Patients with Pompe disease have a defect in a key enzyme that converts glycogen, a stored form of sugar, into glucose, the body's primary energy source. As a result, glycogen builds up in muscles throughout the body, including the heart, causing muscles to degenerate.
Using genetically altered mice in which the gene for the enzyme had been rendered nonfunctional, the researchers demonstrated they could introduce the functioning gene and correct glycogen buildup in heart and skeletal muscle. The findings suggest that such an approach should be considered as a potential gene therapy strategy for Pompe disease patients, the researchers report in a forthcoming issue of Molecular Therapy (now available online).
"Gene therapy in muscular dystrophies presents a unique challenge, because replacement of deficient, therapeutic proteins invokes an immune response that limits the efficacy of the treatment," said Duke medical geneticist Dwight Koeberl, M.D., senior author of the study. "By restricting the expression of introduced genes to muscle, the immune response can be prevented or attenuated."
The muscle-targeted gene therapy might therefore apply to other forms of muscular dystrophy, they added. Muscular dystrophies include many genetic diseases, all of which are characterized by progressive weakness and degeneration of the skeletal muscles which control movement.
The Muscular Dystrophy Association and Genzyme Corporation supported the research.
Several forms of Pompe disease affect more than 5,000 people in the U.S. If symptoms appear during infancy, the disease is usually fatal. Those for whom symptoms first appear late in childhood live longer, but life expectancy remains greatly decreased. Although Pompe disease is a relatively rare disease, it is but one of a group of related "lysosomal storage diseases," which in total occur in about one in 5,000 births.
The current study is part of a large, collaborative effort at Duke University Medical Center to find an effective treatment for Pompe disease. The Duke team earlier developed enzyme replacement therapy, in which a normal version of the faulty enzyme in those with the disease is infused weekly. In clinical trials of the replacement therapy, the infusions have already prolonged the lives of many babies with Pompe disease, Koeberl said.
"A number of babies have been receiving enzyme replacement therapy for several years," said Koeberl. "They are walking, living longer, and meeting developmental milestones."
Despite the early success of enzyme replacement therapy for some children with Pompe disease, a need for gene therapy remains, he added. In gene therapy, a therapeutic gene is delivered to patient cells, often using a modified virus.
Gene therapy might offer an alternative treatment for those children who fail to respond to enzyme replacement therapy, he said. Even for those that respond well to enzyme infusions, treatment requires weekly injection of a large amount of the enzyme.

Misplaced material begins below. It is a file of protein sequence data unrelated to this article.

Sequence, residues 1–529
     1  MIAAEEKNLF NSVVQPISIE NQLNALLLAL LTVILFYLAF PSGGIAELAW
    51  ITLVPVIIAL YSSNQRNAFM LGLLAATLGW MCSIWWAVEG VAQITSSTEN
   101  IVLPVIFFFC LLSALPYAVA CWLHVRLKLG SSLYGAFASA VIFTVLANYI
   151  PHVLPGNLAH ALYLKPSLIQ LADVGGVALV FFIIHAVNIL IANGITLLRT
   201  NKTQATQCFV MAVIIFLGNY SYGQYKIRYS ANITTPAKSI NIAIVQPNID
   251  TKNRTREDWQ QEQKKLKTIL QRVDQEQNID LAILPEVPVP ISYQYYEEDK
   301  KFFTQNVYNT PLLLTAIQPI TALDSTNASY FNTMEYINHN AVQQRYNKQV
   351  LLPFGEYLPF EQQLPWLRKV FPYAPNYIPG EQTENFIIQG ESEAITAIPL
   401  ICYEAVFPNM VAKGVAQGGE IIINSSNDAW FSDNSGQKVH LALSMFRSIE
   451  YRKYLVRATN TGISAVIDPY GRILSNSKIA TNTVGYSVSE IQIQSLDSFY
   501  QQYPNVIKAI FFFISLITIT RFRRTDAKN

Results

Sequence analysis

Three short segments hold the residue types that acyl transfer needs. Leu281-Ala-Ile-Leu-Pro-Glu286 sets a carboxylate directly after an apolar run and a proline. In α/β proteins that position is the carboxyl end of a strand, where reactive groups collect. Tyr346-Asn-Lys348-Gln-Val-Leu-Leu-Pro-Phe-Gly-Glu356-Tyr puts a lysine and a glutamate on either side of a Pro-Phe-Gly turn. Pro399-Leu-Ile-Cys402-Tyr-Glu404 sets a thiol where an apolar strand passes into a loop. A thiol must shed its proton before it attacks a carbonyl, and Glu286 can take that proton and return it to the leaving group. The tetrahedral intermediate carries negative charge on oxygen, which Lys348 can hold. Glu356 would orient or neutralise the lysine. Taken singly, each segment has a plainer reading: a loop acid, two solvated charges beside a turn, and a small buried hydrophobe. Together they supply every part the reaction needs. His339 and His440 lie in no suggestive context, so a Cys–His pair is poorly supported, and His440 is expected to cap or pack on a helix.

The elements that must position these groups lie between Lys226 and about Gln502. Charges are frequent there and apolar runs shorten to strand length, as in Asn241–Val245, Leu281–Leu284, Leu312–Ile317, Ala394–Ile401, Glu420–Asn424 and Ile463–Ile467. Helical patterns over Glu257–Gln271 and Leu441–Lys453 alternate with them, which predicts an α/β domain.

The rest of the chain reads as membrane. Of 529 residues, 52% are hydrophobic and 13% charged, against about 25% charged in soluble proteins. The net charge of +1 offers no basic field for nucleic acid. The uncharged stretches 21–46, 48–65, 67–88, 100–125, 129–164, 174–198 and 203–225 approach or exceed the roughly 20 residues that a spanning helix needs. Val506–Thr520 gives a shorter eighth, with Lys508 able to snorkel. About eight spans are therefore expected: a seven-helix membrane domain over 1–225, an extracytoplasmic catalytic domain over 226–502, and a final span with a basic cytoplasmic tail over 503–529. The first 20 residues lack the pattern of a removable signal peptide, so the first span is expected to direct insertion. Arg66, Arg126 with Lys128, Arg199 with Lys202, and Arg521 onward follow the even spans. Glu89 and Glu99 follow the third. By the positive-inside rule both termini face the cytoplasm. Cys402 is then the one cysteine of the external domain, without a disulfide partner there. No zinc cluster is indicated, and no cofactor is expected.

"Gene therapy has the potential to reverse the course of the disease with a single treatment," Koeberl said.
The researchers delivered the glycogen-degrading enzyme with an adeno-associated virus (AAV) vector. AAV is not associated with any known human disease. The DNA coding for the enzyme was linked to a specialized DNA "promoter" region that restricted its activity to muscle. The investigators either injected the viral particles into the muscle or injected it intravenously in Pompe disease mice.
Six weeks after muscular injection with the virus containing the muscle-restricted gene, mice exhibited high levels of the enzyme and reduced glycogen content in the injected muscle. The mice also had a reduced immune response to the new enzyme, compared to those in which gene expression was not limited to muscle, they found.
Moreover, intravenous administration of the muscle-targeted gene reduced the glycogen content of heart and skeletal muscle and corrected individual muscle fibers. The effect persisted for 24 weeks post-injection, the team reported.
A second gene therapy strategy, in which the enzyme involved in Pompe disease is inserted into the liver, is also under investigation at Duke, said Koeberl. In the January 2005 issue of Molecular Therapy, the researchers reported that the liver-targeted method also corrected symptoms of Pompe disease in mice.
"The muscle-targeted gene therapy method could circumvent the complications of neutralizing antibodies against introduced enzyme, which currently present obstacles to enzyme replacement therapy and liver-targeted gene therapy in Pompe disease," Koeberl said.
Clinical trials of either the muscle- or liver-targeted gene therapies will likely take several years to launch, Koeberl said.
Collaborators on the gene therapy studies include Baodong Sun, Haoyue Zhang, Luis Franco, Andrew Bird, Ayn Schneider, Sarah Young, Y.T. Chen, and Andy Amalfitano, all of Duke Medical Center, and Talmage Brown, of North Carolina State University College of Veterinary Medicine.